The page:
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Spit and image vs. spitting image

Spitting image is the usual modern form of the idiom meaning exact likeness, duplicate, or counterpart. The original phrase was spit and image, inspired by the Biblical God‘s use of spit and mud to create Adam in his image. But spitting image has been far more common than spit and image for over a century.

A few writers still use spit and image, but trying to keep the original idiom alive is probably a lost cause. Though it is older and makes more logical sense, it can also be distracting to readers who have been hearing spitting image their whole lives. Of course, spitting image can be just as distracting to some careful readers.

Examples

But Olsen is delighted with her beloved horse’s spitting image. [Washington Post]

American folk singer Dani Shay is a spitting image of the teenage heartthrob. [Telegraph]

It doesn’t hurt that at just 12 years old, Bianca is already 1.86m tall and the spitting image of her mother. [New Zealand Herald]

Suffice it to say that Stalin’s son, the spitting image of his father, strides onto the scene. [Wall Street Journal]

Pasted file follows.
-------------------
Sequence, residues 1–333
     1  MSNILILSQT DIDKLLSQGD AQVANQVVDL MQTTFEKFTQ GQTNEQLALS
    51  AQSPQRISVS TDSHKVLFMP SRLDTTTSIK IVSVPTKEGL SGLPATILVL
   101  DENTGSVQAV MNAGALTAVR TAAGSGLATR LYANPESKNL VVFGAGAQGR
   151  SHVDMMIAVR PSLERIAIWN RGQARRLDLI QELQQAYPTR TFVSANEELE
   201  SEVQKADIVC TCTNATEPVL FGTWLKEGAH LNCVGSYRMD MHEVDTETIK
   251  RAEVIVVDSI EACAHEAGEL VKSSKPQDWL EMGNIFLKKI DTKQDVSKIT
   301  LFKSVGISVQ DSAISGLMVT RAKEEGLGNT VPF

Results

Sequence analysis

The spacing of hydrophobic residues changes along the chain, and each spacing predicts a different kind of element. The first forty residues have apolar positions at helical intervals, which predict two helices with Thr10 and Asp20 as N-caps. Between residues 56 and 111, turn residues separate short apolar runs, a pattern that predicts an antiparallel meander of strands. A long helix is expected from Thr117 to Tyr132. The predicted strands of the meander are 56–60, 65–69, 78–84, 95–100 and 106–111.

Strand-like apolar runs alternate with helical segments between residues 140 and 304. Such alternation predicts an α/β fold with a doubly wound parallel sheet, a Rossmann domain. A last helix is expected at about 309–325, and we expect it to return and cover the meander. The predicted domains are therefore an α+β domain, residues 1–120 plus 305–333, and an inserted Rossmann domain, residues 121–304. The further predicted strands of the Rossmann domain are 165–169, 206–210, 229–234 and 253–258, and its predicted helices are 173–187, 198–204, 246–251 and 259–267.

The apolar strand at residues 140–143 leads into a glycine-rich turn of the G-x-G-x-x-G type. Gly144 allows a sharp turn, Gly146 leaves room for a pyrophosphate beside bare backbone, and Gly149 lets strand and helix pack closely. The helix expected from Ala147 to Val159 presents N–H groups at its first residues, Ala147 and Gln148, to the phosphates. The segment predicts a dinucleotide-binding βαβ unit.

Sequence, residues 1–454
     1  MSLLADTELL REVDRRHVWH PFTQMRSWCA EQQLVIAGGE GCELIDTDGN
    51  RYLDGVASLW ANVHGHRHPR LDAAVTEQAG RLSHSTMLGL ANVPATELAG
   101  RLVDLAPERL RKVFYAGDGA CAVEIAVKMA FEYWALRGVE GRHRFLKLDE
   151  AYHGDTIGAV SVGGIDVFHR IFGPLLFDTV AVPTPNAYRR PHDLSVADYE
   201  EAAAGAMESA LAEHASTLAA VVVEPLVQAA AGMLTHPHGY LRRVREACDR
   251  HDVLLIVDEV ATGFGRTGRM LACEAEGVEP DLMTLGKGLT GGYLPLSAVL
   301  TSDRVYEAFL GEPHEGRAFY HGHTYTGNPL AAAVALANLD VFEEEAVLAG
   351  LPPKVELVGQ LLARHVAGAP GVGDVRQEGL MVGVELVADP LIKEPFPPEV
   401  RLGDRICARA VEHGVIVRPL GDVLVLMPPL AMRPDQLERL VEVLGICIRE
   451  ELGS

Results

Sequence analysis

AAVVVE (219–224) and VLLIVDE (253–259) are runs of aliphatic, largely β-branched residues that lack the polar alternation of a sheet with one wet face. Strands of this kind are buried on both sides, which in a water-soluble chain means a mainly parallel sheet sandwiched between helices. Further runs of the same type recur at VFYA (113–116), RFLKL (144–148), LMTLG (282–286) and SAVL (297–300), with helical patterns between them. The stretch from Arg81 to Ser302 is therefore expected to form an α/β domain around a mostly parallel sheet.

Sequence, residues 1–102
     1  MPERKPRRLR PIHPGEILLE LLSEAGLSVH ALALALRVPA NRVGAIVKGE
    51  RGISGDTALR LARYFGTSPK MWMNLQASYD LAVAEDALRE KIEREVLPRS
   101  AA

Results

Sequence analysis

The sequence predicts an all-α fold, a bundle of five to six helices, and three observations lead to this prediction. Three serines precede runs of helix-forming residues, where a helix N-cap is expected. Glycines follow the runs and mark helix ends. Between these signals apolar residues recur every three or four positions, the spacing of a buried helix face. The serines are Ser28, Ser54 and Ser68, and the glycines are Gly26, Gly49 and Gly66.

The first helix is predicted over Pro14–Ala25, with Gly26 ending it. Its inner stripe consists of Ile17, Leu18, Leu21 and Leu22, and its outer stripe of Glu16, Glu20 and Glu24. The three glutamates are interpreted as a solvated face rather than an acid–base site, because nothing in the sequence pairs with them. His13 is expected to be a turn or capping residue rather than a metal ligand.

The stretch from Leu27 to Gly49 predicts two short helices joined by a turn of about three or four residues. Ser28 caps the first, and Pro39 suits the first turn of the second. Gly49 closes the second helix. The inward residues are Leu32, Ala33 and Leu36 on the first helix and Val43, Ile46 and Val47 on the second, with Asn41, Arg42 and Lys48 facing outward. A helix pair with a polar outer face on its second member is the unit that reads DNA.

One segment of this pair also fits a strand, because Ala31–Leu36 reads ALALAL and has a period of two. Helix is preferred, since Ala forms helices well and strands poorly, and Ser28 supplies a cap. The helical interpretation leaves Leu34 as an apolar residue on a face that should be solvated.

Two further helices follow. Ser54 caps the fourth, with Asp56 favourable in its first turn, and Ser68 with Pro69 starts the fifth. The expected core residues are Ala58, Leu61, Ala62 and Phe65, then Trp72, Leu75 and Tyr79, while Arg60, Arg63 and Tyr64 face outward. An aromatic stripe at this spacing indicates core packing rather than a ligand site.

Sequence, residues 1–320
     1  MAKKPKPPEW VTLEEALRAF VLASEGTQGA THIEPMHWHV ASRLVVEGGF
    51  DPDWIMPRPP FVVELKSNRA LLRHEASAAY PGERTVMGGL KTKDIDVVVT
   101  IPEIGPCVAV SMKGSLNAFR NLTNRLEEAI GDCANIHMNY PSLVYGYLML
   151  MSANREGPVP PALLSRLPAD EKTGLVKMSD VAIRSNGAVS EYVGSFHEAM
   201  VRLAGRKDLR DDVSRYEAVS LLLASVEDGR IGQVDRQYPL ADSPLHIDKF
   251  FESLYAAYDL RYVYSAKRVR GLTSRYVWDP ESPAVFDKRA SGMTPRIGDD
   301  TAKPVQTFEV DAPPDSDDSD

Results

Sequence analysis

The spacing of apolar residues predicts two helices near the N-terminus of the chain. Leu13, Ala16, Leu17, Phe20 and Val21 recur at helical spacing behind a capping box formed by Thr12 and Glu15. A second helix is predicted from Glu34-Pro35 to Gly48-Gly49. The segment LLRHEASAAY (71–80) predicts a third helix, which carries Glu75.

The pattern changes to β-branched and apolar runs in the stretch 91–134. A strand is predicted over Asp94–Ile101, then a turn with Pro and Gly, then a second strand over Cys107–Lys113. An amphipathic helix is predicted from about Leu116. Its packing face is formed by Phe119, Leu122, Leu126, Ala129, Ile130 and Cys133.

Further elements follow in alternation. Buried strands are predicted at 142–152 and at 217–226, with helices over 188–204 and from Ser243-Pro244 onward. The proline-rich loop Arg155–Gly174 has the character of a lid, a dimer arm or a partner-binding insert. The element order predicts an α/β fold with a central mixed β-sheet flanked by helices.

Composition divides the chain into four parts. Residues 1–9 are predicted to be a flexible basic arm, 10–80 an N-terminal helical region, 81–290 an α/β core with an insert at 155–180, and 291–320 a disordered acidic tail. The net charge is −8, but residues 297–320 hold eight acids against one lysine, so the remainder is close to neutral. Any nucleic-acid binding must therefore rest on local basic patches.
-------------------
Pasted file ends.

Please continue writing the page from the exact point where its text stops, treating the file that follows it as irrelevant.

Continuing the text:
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Comments

  1. Thomas Pampush says:

    inre.  should be just “re:”

  2. walkerpix says:

    William said it was spirit and image “spi’it ‘n image”
    makes the most sense to me

  3. gtrammarma says:

    the New York TImes used Spit and Image just yesterday, so this is why i looked it up (they do make mistakes sometimes, or quote people who do, such as the very urban gay marriage proponent who said that getting a gay marriage bill through states like Mississippi would be a ‘hard road to how’ [sic – this common mistake shows how little understanding this guy must have of farming or even mild gardening!]

  4. Grammar Cop says:

    “Spitten” is a non-standard (read: incorrect) form of the past participle of “spit.” The past participle is “spat” throughout the English-speaking world, although “spit” as a past participle is common in North America and is considered an acceptable variant. “Spitted” as a past participle is only used when referring to meat impaled on a skewer or spit.

  5. Pierre Grandjouan says:

    Spit and image : cf Rebecca West, black lamb and grey falcon, penguin Ed, p101

  6. Portia McCracken says:

    I was bred and buttered in the American South 72 years ago, and it has always been “spit and image” here; however, the way we say it is “spit ‘n’ image,” thus, I suppose, the transmogrification to “spittin’ image” and finally to “spitting image” (which I heard just this morning on the BBC radio).

  7. Jackie J Jones says:

    According to Yale linguist Laurence Horn (who wrote about the original being ‘spitten image’) ‘spit’ is an archaic euphemism for a different bodily fluid. I’d always heard Adam was made from Almighty spit and dirt. (Actually, I prefer ‘earth’.)

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